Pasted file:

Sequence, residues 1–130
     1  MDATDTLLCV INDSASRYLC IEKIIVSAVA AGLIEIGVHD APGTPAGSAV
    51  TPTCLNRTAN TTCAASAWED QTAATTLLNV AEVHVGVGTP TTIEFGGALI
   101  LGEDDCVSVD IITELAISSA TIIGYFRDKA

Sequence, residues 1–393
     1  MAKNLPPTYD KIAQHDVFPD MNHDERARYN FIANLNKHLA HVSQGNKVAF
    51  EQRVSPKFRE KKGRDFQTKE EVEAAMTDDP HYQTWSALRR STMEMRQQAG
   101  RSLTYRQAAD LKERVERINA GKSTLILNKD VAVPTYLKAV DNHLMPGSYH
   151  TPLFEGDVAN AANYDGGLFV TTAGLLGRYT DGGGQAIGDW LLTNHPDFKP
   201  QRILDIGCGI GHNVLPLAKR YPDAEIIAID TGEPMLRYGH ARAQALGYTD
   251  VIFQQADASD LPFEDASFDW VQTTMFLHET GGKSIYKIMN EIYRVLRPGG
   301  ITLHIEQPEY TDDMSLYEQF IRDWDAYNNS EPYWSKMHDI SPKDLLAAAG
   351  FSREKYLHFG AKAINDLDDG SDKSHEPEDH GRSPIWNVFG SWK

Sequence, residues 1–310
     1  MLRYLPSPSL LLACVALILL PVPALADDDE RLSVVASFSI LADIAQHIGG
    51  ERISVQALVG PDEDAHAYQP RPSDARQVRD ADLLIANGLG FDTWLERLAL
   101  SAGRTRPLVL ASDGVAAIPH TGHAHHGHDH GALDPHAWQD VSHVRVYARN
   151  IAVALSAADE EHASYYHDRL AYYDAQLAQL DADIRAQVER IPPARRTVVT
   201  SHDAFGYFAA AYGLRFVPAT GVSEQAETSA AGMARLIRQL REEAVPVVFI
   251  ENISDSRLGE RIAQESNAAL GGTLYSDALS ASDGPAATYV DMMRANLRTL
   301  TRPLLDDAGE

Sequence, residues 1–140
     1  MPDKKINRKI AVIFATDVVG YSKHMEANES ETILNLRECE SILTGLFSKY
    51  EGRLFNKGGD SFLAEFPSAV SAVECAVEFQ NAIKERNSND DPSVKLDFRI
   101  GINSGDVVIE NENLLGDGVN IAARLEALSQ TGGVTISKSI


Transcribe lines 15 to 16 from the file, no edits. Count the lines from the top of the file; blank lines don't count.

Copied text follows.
     1  MLRYLPSPSL LLACVALILL PVPALADDDE RLSVVASFSI LADIAQHIGG
    51  ERISVQALVG PDEDAHAYQP RPSDARQVRD ADLLIANGLG FDTWLERLAL